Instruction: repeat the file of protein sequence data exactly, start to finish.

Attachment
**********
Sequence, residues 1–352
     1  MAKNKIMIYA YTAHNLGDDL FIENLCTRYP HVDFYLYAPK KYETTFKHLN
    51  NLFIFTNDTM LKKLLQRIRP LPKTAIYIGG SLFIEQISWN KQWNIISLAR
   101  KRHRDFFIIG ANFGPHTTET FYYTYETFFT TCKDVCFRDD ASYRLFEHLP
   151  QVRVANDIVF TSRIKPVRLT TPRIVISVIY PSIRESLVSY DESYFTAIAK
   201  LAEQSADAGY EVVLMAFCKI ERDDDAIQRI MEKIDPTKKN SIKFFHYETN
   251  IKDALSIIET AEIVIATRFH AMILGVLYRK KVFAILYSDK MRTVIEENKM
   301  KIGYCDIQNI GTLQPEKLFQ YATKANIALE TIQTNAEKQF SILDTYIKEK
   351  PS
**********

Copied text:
Sequence, residues 1–352
     1  MAKNKIMIYA YTAHNLGDDL FIENLCTRYP HVDFYLYAPK KYETTFKHLN
    51  NLFIFTNDTM LKKLLQRIRP LPKTAIYIGG SLFIEQISWN KQWNIISLAR
   101  KRHRDFFIIG ANFGPHTTET FYYTYETFFT TCKDVCFRDD ASYRLFEHLP
   151  QVRVANDIVF TSRIKPVRLT TPRIVISVIY PSIRESLVSY DESYFTAIAK
   201  LAEQSADAGY EVVLMAFCKI ERDDDAIQRI MEKIDPTKKN SIKFFHYETN
   251  IKDALSIIET AEIVIATRFH AMILGVLYRK KVFAILYSDK MRTVIEENKM
   301  KIGYCDIQNI GTLQPEKLFQ YATKANIALE TIQTNAEKQF SILDTYIKEK
   351  PS